Supervision of 7-8 years ordered for Genzyme

Quality-control problems prompt accord with FDA

By Robert Weisman
Globe Staff / May 25, 2010

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Genzyme Corp. will remain under federal oversight for the next seven to eight years as it works to fix quality-control problems that have bedeviled its Allston Landing plant for 15 months.

The timetable was spelled out in a consent decree struck between Genzyme and the Food and Drug Administration.

Under its terms, Genzyme will pay a previously disclosed $175 million federal fine, the first in its 29-year history. The agreement, filed with the US District Court in Boston yesterday, is subject to court approval.

Yesterday’s consent decree comes as the Cambridge biotechnology company struggles to revamp its production operations, regain the confidence of patients and investors, and fend off a bid by activist investor Carl C. Icahn to get himself and three allies elected to the board. Icahn, who owned 4.9 percent of Genzyme’s stock last month, said in a recent regulatory filing that its manufacturing system is “broken.’’

Genzyme’s plant in Allston produces drugs to treat rare genetic disorders such as Gaucher, Fabry, and Pompe diseases. The treatments can cost as much as $300,000 a year per patient.

Last summer, the company had to suspend drug production after a virus was found at the plant, overlooking the Charles River. The temporary shutdown delayed shipments of enzyme replacement therapies Cerezyme for Gaucher disease and Fabrazyme for Fabry disease, frustrating patients and depressing sales.

Although the company said last month that it expected to pay the $175 million fine, other terms of the consent decree were not known until yesterday. Among them, Genzyme agreed to move fill-finishing work for its domestic drug shipments out of the Allston site by November. The transfer of fill-finishing for overseas shipments will take place by Aug. 31, 2011.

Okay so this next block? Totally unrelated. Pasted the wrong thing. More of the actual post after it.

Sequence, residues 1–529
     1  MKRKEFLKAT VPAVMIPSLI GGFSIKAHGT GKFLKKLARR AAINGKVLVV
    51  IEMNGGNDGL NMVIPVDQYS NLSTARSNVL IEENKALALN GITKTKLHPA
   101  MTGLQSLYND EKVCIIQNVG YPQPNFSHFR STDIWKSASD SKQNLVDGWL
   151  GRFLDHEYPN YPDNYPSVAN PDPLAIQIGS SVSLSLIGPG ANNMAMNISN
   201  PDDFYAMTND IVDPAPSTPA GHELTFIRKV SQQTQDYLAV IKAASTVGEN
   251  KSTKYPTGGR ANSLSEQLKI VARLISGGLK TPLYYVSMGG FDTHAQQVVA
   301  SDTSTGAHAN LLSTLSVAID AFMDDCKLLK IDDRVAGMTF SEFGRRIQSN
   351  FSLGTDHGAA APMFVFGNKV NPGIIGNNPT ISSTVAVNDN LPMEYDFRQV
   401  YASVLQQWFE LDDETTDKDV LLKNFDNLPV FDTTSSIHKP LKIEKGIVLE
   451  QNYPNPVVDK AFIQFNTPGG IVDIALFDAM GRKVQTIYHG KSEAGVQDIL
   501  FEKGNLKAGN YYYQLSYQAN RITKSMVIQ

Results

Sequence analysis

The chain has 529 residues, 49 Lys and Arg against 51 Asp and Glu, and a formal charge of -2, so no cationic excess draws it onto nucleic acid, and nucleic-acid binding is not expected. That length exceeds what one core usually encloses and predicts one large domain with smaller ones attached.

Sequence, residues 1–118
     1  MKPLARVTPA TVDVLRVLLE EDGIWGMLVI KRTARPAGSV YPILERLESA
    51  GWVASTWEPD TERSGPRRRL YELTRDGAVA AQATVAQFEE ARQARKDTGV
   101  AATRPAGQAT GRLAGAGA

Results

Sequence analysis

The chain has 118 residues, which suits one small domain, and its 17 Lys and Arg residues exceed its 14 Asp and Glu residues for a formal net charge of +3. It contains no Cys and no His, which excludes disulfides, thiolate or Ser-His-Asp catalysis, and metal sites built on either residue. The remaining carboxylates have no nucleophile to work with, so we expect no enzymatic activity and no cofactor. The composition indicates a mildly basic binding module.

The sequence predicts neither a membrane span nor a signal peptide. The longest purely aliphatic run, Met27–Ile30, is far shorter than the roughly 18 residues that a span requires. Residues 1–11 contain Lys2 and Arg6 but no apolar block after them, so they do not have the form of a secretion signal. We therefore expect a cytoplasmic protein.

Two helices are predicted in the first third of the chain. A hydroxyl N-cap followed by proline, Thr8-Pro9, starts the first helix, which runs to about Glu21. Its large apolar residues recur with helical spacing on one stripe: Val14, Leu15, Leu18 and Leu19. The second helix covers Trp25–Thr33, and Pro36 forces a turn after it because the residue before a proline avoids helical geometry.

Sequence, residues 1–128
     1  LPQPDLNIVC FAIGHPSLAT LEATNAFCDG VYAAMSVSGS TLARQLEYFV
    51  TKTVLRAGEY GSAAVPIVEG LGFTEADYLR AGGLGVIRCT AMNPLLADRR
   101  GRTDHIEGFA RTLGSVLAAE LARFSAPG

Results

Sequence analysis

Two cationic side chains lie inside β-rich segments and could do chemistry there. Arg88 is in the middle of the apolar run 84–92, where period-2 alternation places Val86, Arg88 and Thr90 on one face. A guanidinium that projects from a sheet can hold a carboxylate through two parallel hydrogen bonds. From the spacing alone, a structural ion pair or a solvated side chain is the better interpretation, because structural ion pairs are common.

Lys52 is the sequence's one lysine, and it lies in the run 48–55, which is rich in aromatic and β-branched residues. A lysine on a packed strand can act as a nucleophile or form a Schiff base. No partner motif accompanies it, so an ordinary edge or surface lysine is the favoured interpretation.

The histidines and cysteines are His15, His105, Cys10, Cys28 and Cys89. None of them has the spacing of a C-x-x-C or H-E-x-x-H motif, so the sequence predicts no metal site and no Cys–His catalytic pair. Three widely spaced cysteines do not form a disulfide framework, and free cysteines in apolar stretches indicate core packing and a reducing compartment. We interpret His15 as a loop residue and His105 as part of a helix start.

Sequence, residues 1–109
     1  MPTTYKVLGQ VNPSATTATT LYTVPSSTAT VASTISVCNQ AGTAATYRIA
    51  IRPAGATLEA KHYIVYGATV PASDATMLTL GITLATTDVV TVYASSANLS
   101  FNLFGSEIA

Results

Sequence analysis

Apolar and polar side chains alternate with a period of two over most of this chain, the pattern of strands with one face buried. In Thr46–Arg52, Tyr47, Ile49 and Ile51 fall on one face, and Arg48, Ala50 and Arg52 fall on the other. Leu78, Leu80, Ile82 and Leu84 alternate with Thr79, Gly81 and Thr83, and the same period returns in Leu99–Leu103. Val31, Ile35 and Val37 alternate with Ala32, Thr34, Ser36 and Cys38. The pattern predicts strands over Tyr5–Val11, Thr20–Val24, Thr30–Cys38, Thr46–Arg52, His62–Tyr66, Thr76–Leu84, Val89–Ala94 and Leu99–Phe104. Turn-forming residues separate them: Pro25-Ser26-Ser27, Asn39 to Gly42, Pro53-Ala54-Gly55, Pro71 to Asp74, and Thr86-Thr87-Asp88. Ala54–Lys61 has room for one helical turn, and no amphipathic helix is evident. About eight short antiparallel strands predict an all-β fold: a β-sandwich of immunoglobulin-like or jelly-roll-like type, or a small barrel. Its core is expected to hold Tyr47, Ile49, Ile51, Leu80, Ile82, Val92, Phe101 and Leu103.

Fill finishing is the process of pouring drugs into vials for shipments to hospitals and clinics, where they are administered to patients.

Late last year, inspectors found bits of steel, rubber, and fiber in some drugs during the fill-finishing process in Allston. The work will be moved to a Genzyme operation in Waterford, Ireland, and to subcontractors such as Hospira Inc., subject to approval by federal regulators.

The firm faces additional fines if it fails to meet FDA deadlines.

Genzyme shares retreated 93 cents to $48.48 in trading on the Nasdaq stock exchange yesterday, a decline of 1.8 percent.

In all, the Cambridge biotechnology giant will spend two to three years in remediation under the consent decree, and another five years under oversight by a third-party contractor, the Quantic Group, a Livingston, N.J., consulting firm focused on boosting manufacturing quality and safety.

Quantic will craft a remediation plan with Genzyme, and the company could be fined $15,000 a day for missing milestones.

“This is in line with our expectations,’’ Genzyme spokeswoman Lori Gorski said of the consent decree. “We’re focused on restoring the confidence of the FDA. And we now have a framework to achieve our goal of returning to the highest manufacturing standards and restoring a reliable product supply for our patients.’’

A statement issued by the FDA yesterday termed the fine levied on Genzyme a “disgorgement,’’ in which a firm must relinquish profits because it violated FDA regulations.

“It is critical for the safety of the drug supply that companies comply with basic manufacturing standards,’’ said Joshua Sharfstein, FDA principal deputy commissioner. “FDA takes these obligations very seriously and expects manufacturers to do the same.’’

Robert Weisman can be reached at